But heating the flue only treats the symptoms of the problem, not the problem itself. Remember, a chimney that backdrafts at standby can also backdraft during a receding fire, especially in cold weather when an exterior chimney is being severely chilled. Backdrafting during a receding fire spills poisonous carbon monoxide into the house.
The stack effect in houses is a natural phenomenon but you can reduce or eliminate the effects that it has on the venting of a woodburning appliance.
The surest way to overcome the stack effect is to provide a directly ducted source of outside air to the combustion air inlet of the appliance. This isolates the combustion and venting systems from the rest of the house. When an appliance installed in a basement has a fitting to accept an outdoor air duct,"always" connect the duct to prevent possible backdrafting.
Indirect sources of outside air are possible but not usually desirable. A hole in the basement wall may serve as an entry combustion air, but the air flowing through the hole would mainly compensate for air leaking out the upper parts of the house. Only a small proportion of the incoming air would be used for combustion in the appliance The effect of creating the opening is similar to that of opening a basement window - it lowers the neutral pressure plane and therefore reduces the negative pressure in the basement.
Another way to overcome stack effect is to open a window in the room using the outside air help equalize the pressure problem and provide makeup air for the fire to use. The effect would be to improve the quantity of available air the basement, or at least reduce the amount of negative pressure there. This solution is available only when a window or source of air is in the same room.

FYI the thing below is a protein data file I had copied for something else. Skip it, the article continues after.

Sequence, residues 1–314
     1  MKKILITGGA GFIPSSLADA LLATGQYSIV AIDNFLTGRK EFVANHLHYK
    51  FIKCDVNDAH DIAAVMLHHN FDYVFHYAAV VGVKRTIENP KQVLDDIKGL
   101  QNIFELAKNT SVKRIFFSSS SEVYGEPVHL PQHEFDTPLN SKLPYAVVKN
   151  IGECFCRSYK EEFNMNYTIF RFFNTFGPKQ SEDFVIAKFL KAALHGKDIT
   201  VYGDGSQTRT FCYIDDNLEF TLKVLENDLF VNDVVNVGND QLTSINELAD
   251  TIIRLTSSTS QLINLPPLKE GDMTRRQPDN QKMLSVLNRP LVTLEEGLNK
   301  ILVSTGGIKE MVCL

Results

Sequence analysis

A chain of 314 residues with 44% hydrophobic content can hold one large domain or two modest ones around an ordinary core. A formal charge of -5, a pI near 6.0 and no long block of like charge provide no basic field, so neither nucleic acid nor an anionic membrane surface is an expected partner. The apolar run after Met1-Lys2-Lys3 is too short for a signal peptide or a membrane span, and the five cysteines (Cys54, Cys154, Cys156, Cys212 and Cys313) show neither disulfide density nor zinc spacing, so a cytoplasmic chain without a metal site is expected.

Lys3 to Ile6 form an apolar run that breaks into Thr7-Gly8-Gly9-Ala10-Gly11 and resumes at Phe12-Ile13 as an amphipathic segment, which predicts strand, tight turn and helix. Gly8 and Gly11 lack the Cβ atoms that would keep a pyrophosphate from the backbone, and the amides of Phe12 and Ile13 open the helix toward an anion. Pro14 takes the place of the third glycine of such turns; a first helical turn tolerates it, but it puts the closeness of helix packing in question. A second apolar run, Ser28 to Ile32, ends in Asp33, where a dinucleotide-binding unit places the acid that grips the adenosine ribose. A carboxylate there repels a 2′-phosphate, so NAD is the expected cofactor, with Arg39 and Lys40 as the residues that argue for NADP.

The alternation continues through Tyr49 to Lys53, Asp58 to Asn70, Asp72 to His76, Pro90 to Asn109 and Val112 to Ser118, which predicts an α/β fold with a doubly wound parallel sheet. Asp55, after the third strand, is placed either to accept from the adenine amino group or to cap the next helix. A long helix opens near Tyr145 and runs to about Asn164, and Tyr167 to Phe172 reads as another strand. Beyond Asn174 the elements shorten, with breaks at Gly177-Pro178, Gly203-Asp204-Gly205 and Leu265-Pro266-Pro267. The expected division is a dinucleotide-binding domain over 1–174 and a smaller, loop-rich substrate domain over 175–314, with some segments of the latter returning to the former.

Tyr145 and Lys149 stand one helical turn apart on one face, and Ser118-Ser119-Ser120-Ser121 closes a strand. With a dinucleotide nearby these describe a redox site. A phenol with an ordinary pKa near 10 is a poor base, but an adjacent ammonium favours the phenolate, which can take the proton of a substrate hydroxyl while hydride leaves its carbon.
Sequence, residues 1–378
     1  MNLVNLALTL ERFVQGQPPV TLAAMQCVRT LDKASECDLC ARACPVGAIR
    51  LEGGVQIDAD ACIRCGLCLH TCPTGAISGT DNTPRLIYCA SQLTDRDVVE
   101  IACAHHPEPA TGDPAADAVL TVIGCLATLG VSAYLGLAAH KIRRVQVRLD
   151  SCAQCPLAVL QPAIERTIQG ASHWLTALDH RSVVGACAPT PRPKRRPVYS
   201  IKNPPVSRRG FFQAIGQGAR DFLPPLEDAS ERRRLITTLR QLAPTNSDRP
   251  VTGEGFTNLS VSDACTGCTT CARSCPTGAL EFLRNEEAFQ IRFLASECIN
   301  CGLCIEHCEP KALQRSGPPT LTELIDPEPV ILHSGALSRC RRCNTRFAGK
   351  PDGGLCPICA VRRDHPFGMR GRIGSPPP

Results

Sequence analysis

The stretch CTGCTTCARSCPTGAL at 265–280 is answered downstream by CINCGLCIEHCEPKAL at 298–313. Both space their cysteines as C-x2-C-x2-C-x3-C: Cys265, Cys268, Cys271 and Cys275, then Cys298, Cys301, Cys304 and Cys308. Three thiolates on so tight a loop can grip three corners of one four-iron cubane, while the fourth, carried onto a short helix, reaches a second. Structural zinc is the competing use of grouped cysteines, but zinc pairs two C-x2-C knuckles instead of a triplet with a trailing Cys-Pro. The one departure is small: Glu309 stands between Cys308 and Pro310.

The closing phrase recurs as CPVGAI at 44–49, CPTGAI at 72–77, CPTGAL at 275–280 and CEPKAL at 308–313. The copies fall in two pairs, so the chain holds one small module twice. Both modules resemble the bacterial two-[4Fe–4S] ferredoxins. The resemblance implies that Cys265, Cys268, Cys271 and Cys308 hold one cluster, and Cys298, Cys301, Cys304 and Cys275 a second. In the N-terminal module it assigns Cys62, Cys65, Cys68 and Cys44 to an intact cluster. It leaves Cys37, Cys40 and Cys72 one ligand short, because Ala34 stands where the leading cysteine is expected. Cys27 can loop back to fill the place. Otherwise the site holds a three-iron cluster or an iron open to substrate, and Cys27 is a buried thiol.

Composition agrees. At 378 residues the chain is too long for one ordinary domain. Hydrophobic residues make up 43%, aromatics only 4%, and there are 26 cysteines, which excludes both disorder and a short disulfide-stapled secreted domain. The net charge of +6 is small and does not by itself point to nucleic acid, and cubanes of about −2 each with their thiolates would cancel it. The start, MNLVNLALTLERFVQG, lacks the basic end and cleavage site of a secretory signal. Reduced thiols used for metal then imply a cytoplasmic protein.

When diagnosing a draft-related problem in a basement installation, always keep in mind that negative pressure induced by stack effect is a contributing factor.
The following symptoms can be caused by the stack effect:
Energy conservation measures are making houses more and more airtight. Sealed vapour barriers, caulking, and carefully installed and weather-stripped doors and windows all reduce the leakage of air into and out of houses (infiltration and exfiltration, respectively). The shell, or envelope, of such houses resists airflows created by exhaust ventilators. Fuel-burning appliances are exhaust ventilators, as are kitchen and bathroom fans, clothes dryers, and central vacuum systems.
All draw air from the house and exhaust it outside.When an exhaust ventilator such as a kitchen fan or clothes dryer operates in a well-sealed house, it may not get all the air it needs to function properly. All draw air from the house and exhaust it outside. When an exhaust ventilator operates in a well-sealed house, it may not get all the air it needs to function properly. When two or more exhaust ventilators operate at once, they may compete with each other for available air. In a competition for air, mechanical systems usually win out over natural draft systems causing the natural draft appliance to become starved for air.